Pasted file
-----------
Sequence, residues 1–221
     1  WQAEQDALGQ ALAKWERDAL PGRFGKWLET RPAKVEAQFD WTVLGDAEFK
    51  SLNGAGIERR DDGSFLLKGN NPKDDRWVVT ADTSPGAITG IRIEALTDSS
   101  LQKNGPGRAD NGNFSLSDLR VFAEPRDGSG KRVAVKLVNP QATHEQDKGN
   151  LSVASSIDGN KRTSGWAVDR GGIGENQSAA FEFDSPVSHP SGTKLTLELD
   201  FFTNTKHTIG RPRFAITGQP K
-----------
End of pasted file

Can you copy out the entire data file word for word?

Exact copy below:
Sequence, residues 1–221
     1  WQAEQDALGQ ALAKWERDAL PGRFGKWLET RPAKVEAQFD WTVLGDAEFK
    51  SLNGAGIERR DDGSFLLKGN NPKDDRWVVT ADTSPGAITG IRIEALTDSS
   101  LQKNGPGRAD NGNFSLSDLR VFAEPRDGSG KRVAVKLVNP QATHEQDKGN
   151  LSVASSIDGN KRTSGWAVDR GGIGENQSAA FEFDSPVSHP SGTKLTLELD
   201  FFTNTKHTIG RPRFAITGQP K